Skip to main content

Full text of "Alaskan glacier studies of the National Geographic Society in the Yakutat Bay, Prince William Sound and lower Copper River regions"

See other formats


GAUANO AND BLACK GLACIERS                               91
such as existed on the Galiano in 1890, but some of the bushes are quite mature. A noteworthy difference between the two glaciers is the fact that the lower Black Glacier is a ridge, with a well-defined marginal valley on either side; and a still more notable difference is the absence of a pronounced piedmont bulb at the lower end of the Black Glacier. It barely passes beyond the mountain front and expands slightly at the very lowermost end; but no piedmont bulb is produced.
Although the earthquakes of September, 1899, must have shaken the Black Glacier as much as the Galiano, we have been unable to find any evidence of an advance; and there are several facts which prove that if this glacier did respond at all to the influence of earthquake shaking it was only to a very limited extent. Russell photographed the glacier from its alluvial fan in 1890, and in 1905 we re-occupied the site of this picture and were unable to detect any distinctive change in appearance. That the glacier has not advanced to any extent since 1890 is proved by the presence of a mature cottonwood forest about 250 yards from the glacier front, which also appears in Russell's picture. This photograph (PL XXXV, B) was taken at such a distance that we cannot be certain of the space that then separated the glacier from the forest, but it seems to have been about the same in 1890 as in 1905. Instead of advance, Black Glacier front gives evidence of recent recession, for in 1905 there was a low, moraine-covered stagnant ice mass about 100 feet from the glacier front, and between it and the glacier there was no mature alder growth. But just outside this stagnant ice mass, and within a few feet of it, were alder bushes from ten to fifteen years old. The interpretation that we place on these facts is that in 1890 the ice front stood where the stagnant ice now rests, and that since then there has been recession of about 100 feet. Prior to 1890 the ice had been receding over the area of about 200 yards now covered by alder, and for at least a half century had not been farther out than the border of the cottonwood forest.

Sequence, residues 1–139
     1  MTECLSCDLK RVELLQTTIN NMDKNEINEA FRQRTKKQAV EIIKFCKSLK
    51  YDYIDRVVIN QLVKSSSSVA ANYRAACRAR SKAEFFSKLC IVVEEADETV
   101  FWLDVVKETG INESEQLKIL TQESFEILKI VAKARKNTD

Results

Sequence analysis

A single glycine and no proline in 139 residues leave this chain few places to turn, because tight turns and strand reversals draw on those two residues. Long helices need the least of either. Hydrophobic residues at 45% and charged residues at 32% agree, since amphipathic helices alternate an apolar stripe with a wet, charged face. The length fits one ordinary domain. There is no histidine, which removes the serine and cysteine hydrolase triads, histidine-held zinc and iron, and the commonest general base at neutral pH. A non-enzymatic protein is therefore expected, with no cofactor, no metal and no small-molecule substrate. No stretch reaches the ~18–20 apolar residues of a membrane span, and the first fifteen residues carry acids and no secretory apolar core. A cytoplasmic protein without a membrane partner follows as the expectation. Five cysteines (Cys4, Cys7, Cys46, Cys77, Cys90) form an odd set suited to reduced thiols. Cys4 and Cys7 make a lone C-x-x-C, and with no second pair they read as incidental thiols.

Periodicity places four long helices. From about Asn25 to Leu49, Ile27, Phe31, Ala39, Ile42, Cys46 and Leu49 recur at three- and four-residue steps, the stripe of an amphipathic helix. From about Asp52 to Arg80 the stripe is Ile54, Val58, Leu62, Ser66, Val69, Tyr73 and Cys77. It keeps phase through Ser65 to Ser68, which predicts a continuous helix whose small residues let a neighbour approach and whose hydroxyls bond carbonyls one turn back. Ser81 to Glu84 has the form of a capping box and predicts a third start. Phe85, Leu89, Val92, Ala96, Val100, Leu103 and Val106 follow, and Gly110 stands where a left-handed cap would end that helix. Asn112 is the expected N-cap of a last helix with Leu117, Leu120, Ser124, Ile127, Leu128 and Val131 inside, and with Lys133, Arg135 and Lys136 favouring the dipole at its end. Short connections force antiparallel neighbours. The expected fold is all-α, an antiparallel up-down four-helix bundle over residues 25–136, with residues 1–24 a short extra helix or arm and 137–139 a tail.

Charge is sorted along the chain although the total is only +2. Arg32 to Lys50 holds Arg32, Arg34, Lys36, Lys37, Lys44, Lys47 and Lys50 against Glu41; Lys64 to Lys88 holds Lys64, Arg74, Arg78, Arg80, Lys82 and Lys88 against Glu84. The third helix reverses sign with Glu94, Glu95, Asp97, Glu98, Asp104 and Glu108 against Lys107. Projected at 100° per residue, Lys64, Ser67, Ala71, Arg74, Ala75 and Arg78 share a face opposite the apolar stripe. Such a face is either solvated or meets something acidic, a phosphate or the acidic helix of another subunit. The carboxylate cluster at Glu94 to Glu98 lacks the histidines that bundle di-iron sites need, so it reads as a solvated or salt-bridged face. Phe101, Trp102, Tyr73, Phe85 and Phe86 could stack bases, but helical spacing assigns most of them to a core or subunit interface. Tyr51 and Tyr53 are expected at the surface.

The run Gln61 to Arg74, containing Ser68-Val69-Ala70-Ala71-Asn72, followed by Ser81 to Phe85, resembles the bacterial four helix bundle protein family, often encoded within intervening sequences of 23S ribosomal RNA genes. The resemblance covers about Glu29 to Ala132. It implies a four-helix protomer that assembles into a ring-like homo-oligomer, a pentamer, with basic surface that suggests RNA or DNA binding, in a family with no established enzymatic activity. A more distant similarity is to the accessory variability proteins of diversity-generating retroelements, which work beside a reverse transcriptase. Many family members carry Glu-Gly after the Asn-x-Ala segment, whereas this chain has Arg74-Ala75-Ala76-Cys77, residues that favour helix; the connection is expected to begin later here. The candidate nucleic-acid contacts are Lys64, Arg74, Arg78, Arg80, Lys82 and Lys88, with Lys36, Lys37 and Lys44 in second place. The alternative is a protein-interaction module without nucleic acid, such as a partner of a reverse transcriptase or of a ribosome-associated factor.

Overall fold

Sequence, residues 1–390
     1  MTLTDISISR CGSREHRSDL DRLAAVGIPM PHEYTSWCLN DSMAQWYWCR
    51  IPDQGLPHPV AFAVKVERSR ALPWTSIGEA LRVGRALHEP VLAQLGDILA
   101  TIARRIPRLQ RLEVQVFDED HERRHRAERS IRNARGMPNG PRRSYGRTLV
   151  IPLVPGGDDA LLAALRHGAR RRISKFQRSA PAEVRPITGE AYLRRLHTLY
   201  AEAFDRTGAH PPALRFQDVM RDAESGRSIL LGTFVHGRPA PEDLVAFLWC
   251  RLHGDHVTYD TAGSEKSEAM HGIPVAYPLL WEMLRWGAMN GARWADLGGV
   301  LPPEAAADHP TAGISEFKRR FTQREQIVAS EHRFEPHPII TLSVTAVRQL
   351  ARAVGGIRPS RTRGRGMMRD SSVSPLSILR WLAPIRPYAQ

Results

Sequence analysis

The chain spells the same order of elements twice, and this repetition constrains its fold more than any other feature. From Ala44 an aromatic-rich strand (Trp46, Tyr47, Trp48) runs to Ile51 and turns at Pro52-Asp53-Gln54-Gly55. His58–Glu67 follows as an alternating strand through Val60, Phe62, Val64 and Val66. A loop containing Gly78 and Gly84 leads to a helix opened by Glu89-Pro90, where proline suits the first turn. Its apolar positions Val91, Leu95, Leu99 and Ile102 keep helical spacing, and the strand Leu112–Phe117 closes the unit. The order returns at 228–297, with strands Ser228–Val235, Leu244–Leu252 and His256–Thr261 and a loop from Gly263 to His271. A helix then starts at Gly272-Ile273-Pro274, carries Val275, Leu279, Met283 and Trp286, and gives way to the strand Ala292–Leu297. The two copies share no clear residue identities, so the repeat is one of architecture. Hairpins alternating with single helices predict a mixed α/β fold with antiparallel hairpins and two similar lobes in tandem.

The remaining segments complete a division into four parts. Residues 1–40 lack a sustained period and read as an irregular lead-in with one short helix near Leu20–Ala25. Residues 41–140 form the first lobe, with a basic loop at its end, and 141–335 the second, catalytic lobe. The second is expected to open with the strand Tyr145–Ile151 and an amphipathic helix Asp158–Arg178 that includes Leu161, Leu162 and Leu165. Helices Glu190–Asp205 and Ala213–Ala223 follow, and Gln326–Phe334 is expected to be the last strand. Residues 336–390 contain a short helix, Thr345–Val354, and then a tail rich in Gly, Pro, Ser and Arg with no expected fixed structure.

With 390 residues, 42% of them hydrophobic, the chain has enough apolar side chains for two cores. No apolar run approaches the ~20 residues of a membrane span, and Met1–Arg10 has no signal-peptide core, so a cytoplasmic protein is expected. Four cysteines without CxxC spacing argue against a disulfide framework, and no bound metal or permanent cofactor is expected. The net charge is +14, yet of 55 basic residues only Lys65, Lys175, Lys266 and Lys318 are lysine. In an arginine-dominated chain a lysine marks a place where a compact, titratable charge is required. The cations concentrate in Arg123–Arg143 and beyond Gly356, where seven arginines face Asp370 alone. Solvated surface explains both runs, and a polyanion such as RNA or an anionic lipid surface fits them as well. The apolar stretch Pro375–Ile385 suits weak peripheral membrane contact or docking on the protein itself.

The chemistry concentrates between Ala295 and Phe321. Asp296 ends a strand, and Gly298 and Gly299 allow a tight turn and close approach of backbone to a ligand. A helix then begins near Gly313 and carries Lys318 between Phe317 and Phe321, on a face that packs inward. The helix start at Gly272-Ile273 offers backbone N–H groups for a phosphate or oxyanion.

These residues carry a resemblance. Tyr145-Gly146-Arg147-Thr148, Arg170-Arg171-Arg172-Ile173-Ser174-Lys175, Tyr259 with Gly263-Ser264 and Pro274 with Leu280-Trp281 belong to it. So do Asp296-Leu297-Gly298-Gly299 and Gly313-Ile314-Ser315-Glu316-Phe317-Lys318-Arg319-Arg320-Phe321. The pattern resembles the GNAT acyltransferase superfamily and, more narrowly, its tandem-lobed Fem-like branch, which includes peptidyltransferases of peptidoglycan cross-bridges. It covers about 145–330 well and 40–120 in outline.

Confirmatory evidence of the conclusion that Black Glacier has not been subjected to a recent advance as a result of earthquake shaking is supplied by two facts already mentioned, namely, the mature alder growth still standing on the glacier, and the ridge form of the glacier itself. The ridge extends about a mile from the ice front, to an elevation of about 1100 feet, and its surface rises up the valley at a high angle, averaging about 20 in the first half mile. It is a single, narrow, moraine-covered axial ridge, sloping toward the valley walls often at an angle of 30 or 35. Bare ice shows in many places, and stones frequently roll down the marginal slopes; but the moraine on the ridge top is thicker, 5 or 6 feet, and ice is rarely revealed there. Alders grow in this thick moraine, one that was cut down in 1905 being 18 years old. Some are killed by sliding and slumping of the soil, but this did not seem to be due to ice movement, for there were no crevasses in the central ridge in the lower half mile of the glacier. Farther up the glacier, where crevasses are present, deep morainic soil and alder bushes are not found. Alders 5 or 6 years old grow on the glacier up to 1000 feet, a mile from the end of the glacier. Beyond this the ridge flattens and disappears but in both 1905 and 1909 ablation moraine covered the glacier clear to the head.
Had there been notable recent advance of this glacier the ridge would of necessity have been destroyed and the glacier put into closer contact with the mountain wall. It is inconceivable that so pronounced a ridge could have been formed by the development of marginal valleys in the interval between 1899 and 1905. Also, the mature alders could not have survived an advance and breaking of any considerable amount. Those that are